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18 bytes added, 21:49, April 4, 2008
As a type of Christ and model king: link
King David prefigures our Lord [[Jesus Christ]] in numerous ways. He was the Lord's Anointed One, or Messiah, a now title applied almost exclusively to [[Jesus Christ|Christ]]. Also, David was a shepherd before he was called to be king; likewise, Christ used herding imagery often in his earthly ministry, as in the Parables of the Good Shepherd, of the Lost Sheep, and of the separation of the sheep and the goats at the [[Last Judgment]]. When David was fleeing from Saul, he was an illustration of the Suffering Servant, most famously described in [[Isaiah]] 53; afterwards, though, he became the victorious king, gaining control over all Israel and defeating its enemies with ease. David’s story is mirrored by Christ's persecution by the Jews and [[Crucifixion]], followed by his glorious [[Pascha|Resurrection]] and his eventual [[Second Coming]]. David's humble origins and the fact that he was the least imposing son of Jesse when Samuel anointed him also parallel Christ's humble earthly status.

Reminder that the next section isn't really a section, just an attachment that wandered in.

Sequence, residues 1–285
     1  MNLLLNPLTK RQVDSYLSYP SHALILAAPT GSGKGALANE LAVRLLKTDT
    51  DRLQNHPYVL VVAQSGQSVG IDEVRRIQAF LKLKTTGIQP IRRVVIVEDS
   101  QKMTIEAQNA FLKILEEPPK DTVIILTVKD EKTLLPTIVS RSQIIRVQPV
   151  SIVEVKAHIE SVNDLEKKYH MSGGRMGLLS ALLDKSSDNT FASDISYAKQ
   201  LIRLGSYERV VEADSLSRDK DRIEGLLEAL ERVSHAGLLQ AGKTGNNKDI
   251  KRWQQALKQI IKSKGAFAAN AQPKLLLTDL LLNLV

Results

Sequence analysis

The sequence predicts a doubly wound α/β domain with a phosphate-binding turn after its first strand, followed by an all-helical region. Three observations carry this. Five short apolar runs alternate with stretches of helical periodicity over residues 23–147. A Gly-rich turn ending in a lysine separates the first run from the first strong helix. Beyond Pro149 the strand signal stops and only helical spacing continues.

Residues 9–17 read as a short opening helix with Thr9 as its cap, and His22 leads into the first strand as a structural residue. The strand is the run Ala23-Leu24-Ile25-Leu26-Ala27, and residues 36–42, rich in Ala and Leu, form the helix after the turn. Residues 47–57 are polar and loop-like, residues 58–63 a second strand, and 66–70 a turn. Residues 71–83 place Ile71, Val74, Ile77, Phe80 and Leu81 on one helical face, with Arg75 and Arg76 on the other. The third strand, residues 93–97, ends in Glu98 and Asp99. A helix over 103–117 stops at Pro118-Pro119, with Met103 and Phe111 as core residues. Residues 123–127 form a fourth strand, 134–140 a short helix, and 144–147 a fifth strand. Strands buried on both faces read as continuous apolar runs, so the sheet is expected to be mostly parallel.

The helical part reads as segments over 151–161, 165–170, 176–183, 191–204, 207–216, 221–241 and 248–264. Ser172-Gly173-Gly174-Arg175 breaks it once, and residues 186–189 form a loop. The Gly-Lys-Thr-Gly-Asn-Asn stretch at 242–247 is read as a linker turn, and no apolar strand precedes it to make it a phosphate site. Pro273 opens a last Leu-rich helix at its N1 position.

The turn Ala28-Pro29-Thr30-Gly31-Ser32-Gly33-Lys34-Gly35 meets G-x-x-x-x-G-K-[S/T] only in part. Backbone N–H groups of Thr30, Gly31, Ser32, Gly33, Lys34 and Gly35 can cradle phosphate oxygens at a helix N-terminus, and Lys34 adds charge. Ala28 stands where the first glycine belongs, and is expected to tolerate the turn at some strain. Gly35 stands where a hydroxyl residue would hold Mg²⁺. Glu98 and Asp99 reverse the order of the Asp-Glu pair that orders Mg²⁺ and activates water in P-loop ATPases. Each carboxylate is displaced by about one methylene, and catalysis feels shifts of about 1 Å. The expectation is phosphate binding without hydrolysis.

Furthermore, David consistently relied on the Lord and thus served as a model king. The Scripture accounts regarding David go out of their way to show his sense of fairness and justice. For example, David rewards all of his men equally, even those too exhausted to continue the chase, after his great victory over the Amakelites (1 Sam 30:23). This episode may be seen as reminiscent of Christ's Parable of the Workers in the Vineyard ([[Gospel of Matthew|Matthew]] 20). He refused to ever touch his adversary King Saul, was furious about the rape of Tamar, and lamented the death of his rebellious son Absalom, whom he had ordered that no one injure, etc.
===As forefather of Christ===
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